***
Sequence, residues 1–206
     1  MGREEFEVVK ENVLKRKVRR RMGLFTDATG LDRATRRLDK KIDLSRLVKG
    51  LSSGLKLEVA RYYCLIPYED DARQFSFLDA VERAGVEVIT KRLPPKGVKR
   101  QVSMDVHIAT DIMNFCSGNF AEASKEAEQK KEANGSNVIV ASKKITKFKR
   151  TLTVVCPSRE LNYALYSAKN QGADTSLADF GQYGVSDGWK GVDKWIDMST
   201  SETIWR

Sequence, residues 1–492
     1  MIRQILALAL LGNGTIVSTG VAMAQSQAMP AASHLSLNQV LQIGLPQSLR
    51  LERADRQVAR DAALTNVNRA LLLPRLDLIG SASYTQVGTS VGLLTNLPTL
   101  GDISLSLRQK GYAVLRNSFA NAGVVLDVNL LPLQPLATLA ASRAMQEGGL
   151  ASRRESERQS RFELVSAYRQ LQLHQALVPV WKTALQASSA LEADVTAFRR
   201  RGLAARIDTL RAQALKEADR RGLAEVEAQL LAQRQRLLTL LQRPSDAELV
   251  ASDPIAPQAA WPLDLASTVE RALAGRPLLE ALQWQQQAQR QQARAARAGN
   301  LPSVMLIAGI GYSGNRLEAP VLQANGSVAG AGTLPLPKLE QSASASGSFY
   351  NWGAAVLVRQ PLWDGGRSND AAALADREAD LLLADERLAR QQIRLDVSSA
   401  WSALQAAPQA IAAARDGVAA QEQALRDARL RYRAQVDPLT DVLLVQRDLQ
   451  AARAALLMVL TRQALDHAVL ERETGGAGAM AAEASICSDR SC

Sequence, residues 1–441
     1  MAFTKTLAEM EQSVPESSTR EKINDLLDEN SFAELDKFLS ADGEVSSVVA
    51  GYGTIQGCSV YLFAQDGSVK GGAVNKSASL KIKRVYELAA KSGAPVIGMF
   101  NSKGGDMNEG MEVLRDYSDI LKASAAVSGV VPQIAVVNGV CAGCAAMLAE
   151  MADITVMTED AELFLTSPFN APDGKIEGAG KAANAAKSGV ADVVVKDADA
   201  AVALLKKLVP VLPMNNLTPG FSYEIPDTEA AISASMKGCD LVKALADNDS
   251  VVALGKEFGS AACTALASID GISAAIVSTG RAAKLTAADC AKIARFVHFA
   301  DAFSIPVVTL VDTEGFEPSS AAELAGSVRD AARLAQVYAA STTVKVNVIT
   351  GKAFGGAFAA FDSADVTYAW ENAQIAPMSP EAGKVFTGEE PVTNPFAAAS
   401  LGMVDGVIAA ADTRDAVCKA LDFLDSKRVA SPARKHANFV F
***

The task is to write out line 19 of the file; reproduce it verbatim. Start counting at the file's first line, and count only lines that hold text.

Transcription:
     1  MAFTKTLAEM EQSVPESSTR EKINDLLDEN SFAELDKFLS ADGEVSSVVA